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Writing Numbers – Periods or Commas?

08 Feb 2015
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by Liz Naithani
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(comments: 9)
Use of periods and commas in numbers

One of the most common mistakes I see when proofreading bilingual annual reports (German/English) is that the periods and commas are placed incorrectly as delimiters in numbers and figures.

When writing figures, German speakers sometimes forget that the symbols used are different in German and English. In both German and in US/UK English, commas and points are used; they are, however, placed differently in the two languages.
Please note that there are different conventions when it comes to writing numbers, both in German (e.g. Duden or DIN standard DIN 5008), and in the different versions of English (UK, Canada, South Africa, etc.). For the sake of clarity I have boiled this complex topic down to the following rules for German and US/UK English when it comes to writing figures, e.g. in multilingual financial reports:

1. Symbol for the “decimal separator”

  • In German: „EUR 999,50“ or „EUR 2,5 Millionen“
  • In English: “EUR 999.50” or “EUR 2.5 million”


Notice how in UK/US English a decimal point, and not a comma, is placed as separator before the cents (the fractional part of the decimal number).

2. Symbol for the “thousands separator”

  • In German: „US-$ 400.456,50“
  • In English: “US-$ 400,456.50”


Notice how in US/UK English a comma, and not a point, is placed as a 3-digit group separator.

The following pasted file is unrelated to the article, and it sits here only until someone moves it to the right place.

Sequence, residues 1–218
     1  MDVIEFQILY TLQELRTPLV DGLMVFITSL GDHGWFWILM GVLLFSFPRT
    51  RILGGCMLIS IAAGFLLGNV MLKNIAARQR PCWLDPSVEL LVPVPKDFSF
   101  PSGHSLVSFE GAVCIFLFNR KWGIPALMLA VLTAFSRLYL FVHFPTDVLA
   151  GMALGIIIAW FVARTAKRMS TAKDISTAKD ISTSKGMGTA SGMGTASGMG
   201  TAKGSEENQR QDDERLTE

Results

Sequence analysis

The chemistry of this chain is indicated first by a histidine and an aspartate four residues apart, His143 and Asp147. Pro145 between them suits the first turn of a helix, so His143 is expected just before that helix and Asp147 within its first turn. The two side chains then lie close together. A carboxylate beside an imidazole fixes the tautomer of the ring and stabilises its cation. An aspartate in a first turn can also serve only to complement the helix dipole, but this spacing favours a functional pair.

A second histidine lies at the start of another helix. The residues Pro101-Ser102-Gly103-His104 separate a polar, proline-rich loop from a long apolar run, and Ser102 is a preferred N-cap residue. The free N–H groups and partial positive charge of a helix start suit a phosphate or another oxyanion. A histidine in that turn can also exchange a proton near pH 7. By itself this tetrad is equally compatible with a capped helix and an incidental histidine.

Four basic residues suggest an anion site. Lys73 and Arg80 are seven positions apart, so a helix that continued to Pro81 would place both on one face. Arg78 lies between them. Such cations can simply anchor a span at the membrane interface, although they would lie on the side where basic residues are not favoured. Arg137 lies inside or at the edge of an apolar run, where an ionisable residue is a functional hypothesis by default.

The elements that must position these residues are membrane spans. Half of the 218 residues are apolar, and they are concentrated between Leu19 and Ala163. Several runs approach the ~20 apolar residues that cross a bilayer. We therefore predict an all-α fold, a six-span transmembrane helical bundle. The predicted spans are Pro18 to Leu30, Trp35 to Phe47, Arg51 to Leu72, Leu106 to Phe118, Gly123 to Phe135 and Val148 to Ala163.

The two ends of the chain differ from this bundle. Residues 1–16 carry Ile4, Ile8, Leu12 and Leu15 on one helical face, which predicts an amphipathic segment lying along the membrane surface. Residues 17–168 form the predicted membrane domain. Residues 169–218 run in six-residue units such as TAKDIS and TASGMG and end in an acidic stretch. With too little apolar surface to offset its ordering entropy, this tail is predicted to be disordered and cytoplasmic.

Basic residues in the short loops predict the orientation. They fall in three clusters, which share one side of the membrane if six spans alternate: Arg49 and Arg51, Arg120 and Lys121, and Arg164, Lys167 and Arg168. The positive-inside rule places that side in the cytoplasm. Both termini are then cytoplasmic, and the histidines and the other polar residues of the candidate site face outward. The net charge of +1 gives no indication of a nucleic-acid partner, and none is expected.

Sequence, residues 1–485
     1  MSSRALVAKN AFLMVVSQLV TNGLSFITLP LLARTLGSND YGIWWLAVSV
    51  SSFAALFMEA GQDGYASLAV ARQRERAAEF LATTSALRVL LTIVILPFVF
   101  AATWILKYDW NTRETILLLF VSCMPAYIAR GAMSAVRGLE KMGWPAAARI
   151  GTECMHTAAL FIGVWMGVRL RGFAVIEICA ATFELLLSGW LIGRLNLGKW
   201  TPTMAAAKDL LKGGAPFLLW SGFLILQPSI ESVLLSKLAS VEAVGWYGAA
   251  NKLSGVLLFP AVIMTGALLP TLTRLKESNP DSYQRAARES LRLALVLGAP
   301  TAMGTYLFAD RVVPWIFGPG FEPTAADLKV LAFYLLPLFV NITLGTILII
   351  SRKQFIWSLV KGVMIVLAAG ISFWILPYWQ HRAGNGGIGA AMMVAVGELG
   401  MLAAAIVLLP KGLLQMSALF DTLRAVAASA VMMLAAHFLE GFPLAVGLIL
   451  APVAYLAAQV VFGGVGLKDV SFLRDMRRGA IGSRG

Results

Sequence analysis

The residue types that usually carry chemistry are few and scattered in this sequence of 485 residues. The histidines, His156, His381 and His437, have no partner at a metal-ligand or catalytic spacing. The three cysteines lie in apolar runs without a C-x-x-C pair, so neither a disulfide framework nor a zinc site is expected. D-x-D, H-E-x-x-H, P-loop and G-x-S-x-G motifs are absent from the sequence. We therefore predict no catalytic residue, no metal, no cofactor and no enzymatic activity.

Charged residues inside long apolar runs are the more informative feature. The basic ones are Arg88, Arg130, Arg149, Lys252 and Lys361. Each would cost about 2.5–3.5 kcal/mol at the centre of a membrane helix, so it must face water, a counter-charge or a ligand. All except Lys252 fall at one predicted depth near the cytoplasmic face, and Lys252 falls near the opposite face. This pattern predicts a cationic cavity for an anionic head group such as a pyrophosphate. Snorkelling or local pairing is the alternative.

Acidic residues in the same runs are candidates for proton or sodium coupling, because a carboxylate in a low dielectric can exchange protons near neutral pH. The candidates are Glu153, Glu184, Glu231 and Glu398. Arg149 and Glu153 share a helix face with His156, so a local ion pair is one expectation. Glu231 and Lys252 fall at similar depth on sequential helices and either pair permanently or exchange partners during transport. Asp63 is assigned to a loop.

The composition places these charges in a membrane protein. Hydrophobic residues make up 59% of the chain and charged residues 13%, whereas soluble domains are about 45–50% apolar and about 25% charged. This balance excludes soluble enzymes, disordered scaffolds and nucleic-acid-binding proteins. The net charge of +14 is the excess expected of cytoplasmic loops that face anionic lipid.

By the way:

To avoid confusion, especially in international documents, in recent years the use of spaces for digit grouping (preferably a "thin space") has been advocated in numerous German and English style sheets and standards. Example:

  • In English: “The yearly water consumption in New York is 42 705 gallons on average per capita.”
  • In German: „Der jährliche Wasserverbrauch in New York beträgt durchschnittlich 161 655 Liter pro Kopf.“

Which brings me to the next challenge: Different international measuring units – but that's another story for another day!

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Comment by Anonymous |

This information is incorrect. The decimal separator is not a dot in English, but in the United States and the United Kingdom, in South Africa (where the official language is English) for example they use the comma as the decimal separator, just like most of the rest of the civilised world.

Reply by Liz Naithani

Well, let's say the information is not complete. :-)
Thanks for the pointer – I must admit that so far I haven't worked on any project with South African English. Anyway, I updated the article to make it more precise.

Comment by Anonymous wrong wrong wrong! |

Obviously Anonymous is incorrect and anyone who has been to any of these countries would know!

Comment by abdul rahimov |

11
incidentally in russia, the separator for thousands -- 3 digit increments -- is the period, while the separator for decimals is the comma. the opposite of US practice.